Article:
Director: Debra Granik
Stars: Ben Foster, Thomasin Harcourt McKenzie, Jeff Kober
Will (Ben Foster) is a war veteran suffering the after effects of his experiences. Rejecting the clutter, chaos and waste of the modern world, he has decided to live in the woods, retreating into a dense sprawl of Oregon parkland. With him is his 13-year-old daughter Tom (Thomasin Harcourt McKenzie). She has been raised, seemingly, in his company alone. Their relationship is one of fierce co-dependency and love of almost idyllic innocence.
This is how we discover the focal characters of Debra Granik’s new film; her first since 2010’s Winter’s Bone which, among other things, made a star of Jennifer Lawrence. There’s every reason to suspect a similar trajectory for Thomasin Harcourt McKenzie, depending on the wider reaction or coverage Leave No Trace secures. And it would be a shame if this picture vanished as deftly as the title suggests, for it is one of the great pleasures to have been released so far this year.
Having been spied by a jogger, Will and Tom are ousted from the park by the police and placed into care. The ‘help’ they receive from the system is depicted with great fairness, and one could readily argue that their situation is vastly improved. Remaining together, they are re-homed by a kind man named Walters (Jeff Kober) in a rural area.
While Tom starts flourishing from the opportunities to interact with a wider pool of people, Will finds the return to ‘normality’ crushing, and he soon plans to return to the woods. Their bond so strong, where one goes the other must follow. The film charts the uneasy course of shifting between intense self-sufficiency and the everyday world of community and business.
Not a scene is wasted or superfluous to Granik’s vision. This is pared down cinema, reflecting an America of truck drivers and farmers, train yards and woodland trails. It breathes with the same spirit of Mid-West poetry than runs through the work of Kelly Reichardt, although Granik’s tempo is a notch faster. Though the sensibility cleaves close to realism, Granik frequently gives us moments of contemplative grace; how a damp spiderweb can look like a parachute, for instance. Such moments might not forward the narrative, but they deeply enrich the film’s sense of time and location.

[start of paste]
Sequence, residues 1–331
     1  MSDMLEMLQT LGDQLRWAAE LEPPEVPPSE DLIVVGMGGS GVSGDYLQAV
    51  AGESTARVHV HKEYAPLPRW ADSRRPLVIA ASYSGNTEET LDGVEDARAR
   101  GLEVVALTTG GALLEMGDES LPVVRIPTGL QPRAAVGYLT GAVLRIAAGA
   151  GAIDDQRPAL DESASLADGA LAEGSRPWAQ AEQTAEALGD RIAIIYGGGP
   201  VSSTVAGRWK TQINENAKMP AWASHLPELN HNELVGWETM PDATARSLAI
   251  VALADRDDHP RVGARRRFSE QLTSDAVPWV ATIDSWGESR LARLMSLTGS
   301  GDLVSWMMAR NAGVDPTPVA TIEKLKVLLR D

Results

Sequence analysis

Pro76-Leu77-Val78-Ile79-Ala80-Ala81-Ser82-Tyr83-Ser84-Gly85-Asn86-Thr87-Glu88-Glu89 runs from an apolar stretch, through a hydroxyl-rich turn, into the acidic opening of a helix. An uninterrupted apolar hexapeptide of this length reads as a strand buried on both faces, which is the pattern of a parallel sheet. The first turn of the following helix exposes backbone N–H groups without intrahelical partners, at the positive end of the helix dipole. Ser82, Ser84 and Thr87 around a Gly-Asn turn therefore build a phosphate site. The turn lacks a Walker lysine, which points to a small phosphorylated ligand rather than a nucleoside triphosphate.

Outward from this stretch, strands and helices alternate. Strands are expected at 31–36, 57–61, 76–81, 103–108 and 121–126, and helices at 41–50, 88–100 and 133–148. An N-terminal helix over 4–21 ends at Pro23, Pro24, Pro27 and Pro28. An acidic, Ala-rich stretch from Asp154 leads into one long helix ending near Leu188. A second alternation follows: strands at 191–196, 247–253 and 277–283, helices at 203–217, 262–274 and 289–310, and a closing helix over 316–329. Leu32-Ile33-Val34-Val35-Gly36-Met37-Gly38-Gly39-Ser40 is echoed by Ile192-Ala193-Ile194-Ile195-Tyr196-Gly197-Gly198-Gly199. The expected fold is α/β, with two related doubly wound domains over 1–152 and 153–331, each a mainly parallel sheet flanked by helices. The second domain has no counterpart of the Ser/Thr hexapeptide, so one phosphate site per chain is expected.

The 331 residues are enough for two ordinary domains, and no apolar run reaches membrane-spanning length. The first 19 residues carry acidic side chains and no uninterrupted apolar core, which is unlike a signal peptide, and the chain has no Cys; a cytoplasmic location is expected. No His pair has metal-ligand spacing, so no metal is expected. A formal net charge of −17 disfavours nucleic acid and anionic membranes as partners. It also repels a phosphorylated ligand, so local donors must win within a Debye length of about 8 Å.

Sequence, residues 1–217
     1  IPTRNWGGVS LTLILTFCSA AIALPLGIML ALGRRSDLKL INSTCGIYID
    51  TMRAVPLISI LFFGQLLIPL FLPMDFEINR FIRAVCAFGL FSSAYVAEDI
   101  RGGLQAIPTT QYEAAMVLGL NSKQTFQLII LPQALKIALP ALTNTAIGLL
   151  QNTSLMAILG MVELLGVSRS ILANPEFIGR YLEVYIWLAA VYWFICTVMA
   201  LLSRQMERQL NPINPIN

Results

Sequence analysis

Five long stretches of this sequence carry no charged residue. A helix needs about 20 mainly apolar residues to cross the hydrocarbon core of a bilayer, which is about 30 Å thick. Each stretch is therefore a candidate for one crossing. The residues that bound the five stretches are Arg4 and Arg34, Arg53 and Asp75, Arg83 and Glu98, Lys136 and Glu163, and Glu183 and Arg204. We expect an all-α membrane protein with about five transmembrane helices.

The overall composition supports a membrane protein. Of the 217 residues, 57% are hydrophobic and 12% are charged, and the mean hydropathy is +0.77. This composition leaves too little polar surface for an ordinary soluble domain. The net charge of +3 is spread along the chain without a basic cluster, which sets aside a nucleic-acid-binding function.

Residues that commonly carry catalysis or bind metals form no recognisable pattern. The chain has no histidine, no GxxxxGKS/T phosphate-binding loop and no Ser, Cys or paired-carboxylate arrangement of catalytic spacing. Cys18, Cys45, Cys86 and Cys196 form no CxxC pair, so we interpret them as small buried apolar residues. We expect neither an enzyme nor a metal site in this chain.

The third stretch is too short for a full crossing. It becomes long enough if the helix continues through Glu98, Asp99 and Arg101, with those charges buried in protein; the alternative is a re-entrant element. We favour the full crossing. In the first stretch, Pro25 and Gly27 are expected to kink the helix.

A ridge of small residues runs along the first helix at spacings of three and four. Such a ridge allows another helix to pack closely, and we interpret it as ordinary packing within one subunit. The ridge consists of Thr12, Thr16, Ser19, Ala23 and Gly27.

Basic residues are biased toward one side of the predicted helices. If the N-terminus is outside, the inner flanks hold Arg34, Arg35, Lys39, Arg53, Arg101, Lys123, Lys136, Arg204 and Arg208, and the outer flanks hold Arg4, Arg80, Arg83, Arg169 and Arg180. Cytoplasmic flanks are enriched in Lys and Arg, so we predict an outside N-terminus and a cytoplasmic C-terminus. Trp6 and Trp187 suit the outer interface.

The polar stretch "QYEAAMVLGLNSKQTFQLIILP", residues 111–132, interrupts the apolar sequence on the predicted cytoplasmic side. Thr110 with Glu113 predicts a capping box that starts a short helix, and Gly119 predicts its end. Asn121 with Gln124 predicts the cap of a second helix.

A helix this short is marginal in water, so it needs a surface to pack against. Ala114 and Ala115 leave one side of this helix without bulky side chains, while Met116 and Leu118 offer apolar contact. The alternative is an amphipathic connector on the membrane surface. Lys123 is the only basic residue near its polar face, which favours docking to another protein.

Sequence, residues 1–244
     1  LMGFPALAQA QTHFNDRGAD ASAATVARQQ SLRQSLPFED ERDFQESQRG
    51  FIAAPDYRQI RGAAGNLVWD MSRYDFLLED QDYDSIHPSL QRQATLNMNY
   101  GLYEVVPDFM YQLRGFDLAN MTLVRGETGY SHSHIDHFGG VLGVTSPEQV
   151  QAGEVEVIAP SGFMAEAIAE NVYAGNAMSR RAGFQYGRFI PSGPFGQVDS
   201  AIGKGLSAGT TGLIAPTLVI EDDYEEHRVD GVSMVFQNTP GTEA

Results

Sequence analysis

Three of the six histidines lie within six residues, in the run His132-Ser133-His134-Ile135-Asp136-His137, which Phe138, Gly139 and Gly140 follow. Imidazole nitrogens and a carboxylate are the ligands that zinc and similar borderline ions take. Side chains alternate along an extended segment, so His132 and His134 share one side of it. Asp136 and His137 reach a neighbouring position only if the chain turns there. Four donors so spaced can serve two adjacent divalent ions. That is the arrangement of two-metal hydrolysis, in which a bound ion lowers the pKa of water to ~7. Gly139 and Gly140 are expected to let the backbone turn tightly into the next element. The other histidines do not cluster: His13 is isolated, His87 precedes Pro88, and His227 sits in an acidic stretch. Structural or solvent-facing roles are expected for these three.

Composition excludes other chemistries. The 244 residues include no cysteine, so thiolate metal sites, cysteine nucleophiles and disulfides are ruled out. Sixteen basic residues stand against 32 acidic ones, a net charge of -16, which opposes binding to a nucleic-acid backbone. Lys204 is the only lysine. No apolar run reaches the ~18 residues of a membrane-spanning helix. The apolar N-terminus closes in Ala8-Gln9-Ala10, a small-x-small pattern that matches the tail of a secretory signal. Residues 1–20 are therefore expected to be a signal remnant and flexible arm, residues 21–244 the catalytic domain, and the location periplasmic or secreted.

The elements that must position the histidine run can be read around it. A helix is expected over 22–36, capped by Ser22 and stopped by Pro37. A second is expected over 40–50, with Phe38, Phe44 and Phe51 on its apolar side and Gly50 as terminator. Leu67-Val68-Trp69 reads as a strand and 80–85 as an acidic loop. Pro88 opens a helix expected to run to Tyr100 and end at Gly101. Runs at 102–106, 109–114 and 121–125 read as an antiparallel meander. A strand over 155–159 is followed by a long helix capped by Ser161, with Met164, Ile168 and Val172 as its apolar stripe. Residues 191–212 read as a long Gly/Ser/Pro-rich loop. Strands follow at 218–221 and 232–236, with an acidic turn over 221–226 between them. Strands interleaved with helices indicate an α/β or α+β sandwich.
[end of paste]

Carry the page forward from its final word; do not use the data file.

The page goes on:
Foster, a deeply committed character actor who has been ably improving countless films for the past 20 years, doesn’t showboat in his lead position, but manages to elicit great empathy. His Tom is a kind man, under attack from within who can only flee; a spiritual brother to Joaquin Phoenix in You Were Never Really Here, albeit with all violence removed.
But as we see more of them, we come to understand that it is the child who is father to the man. Tom is the stronger person; her love for her father taking precedent over her own desires. She feels every bit as responsible for him as he to her, perhaps more-so. Graniak teases a great performance from McKenzie; thoughtful, intelligent, but also achingly vulnerable. That quivering chin when she’s upset might just set you off, too.
Late in the picture there is a scene in which Tom is introduced to a beehive. She gets to see the insides of it and understand that she need not be afraid of it; that though this dense community might seem threatening, it isn’t, so long as you interact with it in a certain way. It’s a tipping point in the film and a fine representation of the sea change occurring in her own perspective. Tom has instilled in her an understanding that a return to civilisation would sting them. His is a didactic approach. But the world is full of variables and possibilities newly awake to Tom.
Leave No Trace can be viewed as a road movie; it is transitory and episodic. Rather refreshingly, there are no outright villains either. Social service workers are portrayed as dedicated, caring and well-meaning, the veterans Tom deals prescription drugs with are just as emotionally fragile as he is, while on the road and in rural micro-climates, the father and daughter consistently meet good people. Granik’s film peers through the leaves at communities on the outskirts of the hustle and bustle of the 21st century and simply finds people; working class and neighbourly. Instead of reading as naive, it feels clear-headed. The compulsion to make dramatic hay out of the worst in people is absent. The film carries a PG certificate, confidently resting on the emotional investment conjured by Foster and McKenzie. A gamble which most certainly pays off.
It’s summer, World Cup season and the UK is presently experiencing a prolonged heatwave. Cinemas are quiet; beer gardens and beaches are busy. It’s exactly the wrong time for a quiet, introverted indie drama such as this to arrive. The screening I attended was disappointingly underpopulated. Leave No Trace is in danger of doing exactly that. Which would be a shame. This is a modest picture of immense wealth, and well-worth going out of your way for. If you can find the time and inclination you’ll be rewarded. Go and see it.